using the "windows" on the outside. In this example the square is approximately 15 yds. x 15 yds.


Here are some of the variations using the "windows" principle.


    1.   Pass to an outside window counts one.
    2.   Pass to teammate inside the square counts double.
    3.   Can pass to anyone outside the square or can only play to own teammate outside the square - notice in the
         graphic we have a white-shirted group and a black-shirted group, but opponents outside the square are not
         allowed to challenge each other.
    4.   Players on the outside can move along the line to make a better supporting angle to receive the ball.
    5.   Could make it two-touch for outside players.
    6.   Possibilities are 3 vs. 3, 4 vs. 4, etc., but will need to adjust the size of the field to the ages and abilities of the
         players.




                                                             Page 12
Spinning Wheel
Objectives:


         To develop the techniques of turning with the ball when back is to the goal to improve accuracy and weighting of
the pass. Can be used as a Warm-Up activity.




Organization:


          Set up several areas, having groups of three players as shown.
          Each playing area is 20 yards long and 5 yards wide and sectioned into three. Two end 5 yard square boxes and
one 10 x 5 yards center box.
          Play starts at one end. Ball is played to middle player, who turns with ball and plays it to teammate at other end.
          End player may control ball or play it first time back to middle player, who turns and plays it to third player with no
more than two touches.
          All players must play ball from within their respective boxes.
          Teams count each time the ball is played across, but does not count if the ball goes over sidelines, or if it is not
played from within the respective boxes.
          Winning team is one with most successful crosses in one minute (stop watch out!)
          Change middle player with one of the end players and repeat game.

NOTE: A key to success is the middle player's ability to turn quickly.


Teaching:


          At first do not make it a competition so they can practice and experiment.
          Condition it for some time; turning with inside of the foot; or outside of the foot.
          When competition starts - turn any way; turn using inside foot only; outside of foot only ─ at the direction of the
coach.

Challenge:


          To be the King (or Queen) Box.




                                                            Page 13
Square Dance
Objective


To start practice in a lively way with a fun warm-up that introduces and develops the fundamentals of dribbling. See the
article from Andy Donahue - Games, Games, Games!




Organization


          Mark a square approximately 15 yards by 15 yards, depending on numbers.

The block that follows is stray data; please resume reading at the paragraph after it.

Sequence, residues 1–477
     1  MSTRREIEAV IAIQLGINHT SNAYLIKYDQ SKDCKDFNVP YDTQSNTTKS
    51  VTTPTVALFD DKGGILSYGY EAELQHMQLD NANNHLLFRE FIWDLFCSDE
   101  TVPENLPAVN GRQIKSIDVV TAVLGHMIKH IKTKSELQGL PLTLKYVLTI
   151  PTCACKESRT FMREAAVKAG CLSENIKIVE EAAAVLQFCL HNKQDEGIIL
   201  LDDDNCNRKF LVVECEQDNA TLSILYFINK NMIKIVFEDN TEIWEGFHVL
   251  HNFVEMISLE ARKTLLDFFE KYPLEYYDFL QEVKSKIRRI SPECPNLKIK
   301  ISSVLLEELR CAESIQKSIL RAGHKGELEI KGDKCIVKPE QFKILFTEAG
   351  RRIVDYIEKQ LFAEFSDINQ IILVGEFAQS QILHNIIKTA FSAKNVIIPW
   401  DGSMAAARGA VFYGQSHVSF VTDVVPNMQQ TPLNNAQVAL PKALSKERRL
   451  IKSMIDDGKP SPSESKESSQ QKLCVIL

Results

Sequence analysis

Each player should have a ball.
          If not, use the "Change Soccer" principle: half the players inside the square, each with a ball, the remaining half
outside the square, without a ball. Trade places when coach shouts "Change!"
          Three instructions are given to the players inside the square:
"STOP" Put foot on top of ball quickly and freeze like a statue.
"GO" Move right or left with the ball, fast, for three or four yards.
"TURN" Quickly turn 180 degrees with the ball, moving three or four yards.



Teaching Points


           Encourage players to keep the ball close to their feet.
           Occasionally insist on using left foot only or right foot only. Encourage players to keep their heads up while
playing.
           See how many different ways they can turn with the ball.
           To avoid giving players too much information at once, introduce instructions one at a time and incorporate
practice time between.
           Later, incorporate your own ideas.



Target


           Stay in the area with the ball.
           No contact with other players or with other balls.



Progressions


With this basic setup any number of variations and activities/challenges can be introduced. Just see what Andy Donahue
has come up with his "Games, Games, Games."




                                                            Page 14
Side Kicks
Objectives


          Practice for field players in clinical finishing; to develop goalkeeper understanding and decision making involved in
attacks from the sides of the goal.




Organization


         Set out the penalty box as shown in the illustration. The practice starts from one side and is later changed to the
other.
           Initially the "side kick" can be served in by the coach, later by the players.
           The keeper must start at the near post area. If the keeper anticipates the cross, then shots/goals are permitted at
goal in the open near post.
           The squad should be split into two teams - one shooting while the other fields. The challenge is between the two
teams. How many can they score from 20 shots.
           The goalkeepers have their own challenge - to keep the success rate on scoring under 50%; or they split - one with
one team and one with the other.
           It is important that the placement of the cones is such that the cone nearest the goal line for the "side kick" is
sufficiently close to the end line to make the cross a "pull-back."
           When players are crossing themsleves place a cone or marker disk three yards or so out from the near post and
decree that they must play the cross outside the cone not inside (stops simple passes to the far post).

Coaching Points


          Goalkeepers must defend the near post first and foremost.
          Encourage keepers to position marginally in front of the near post - so they won't push a high shot into the top of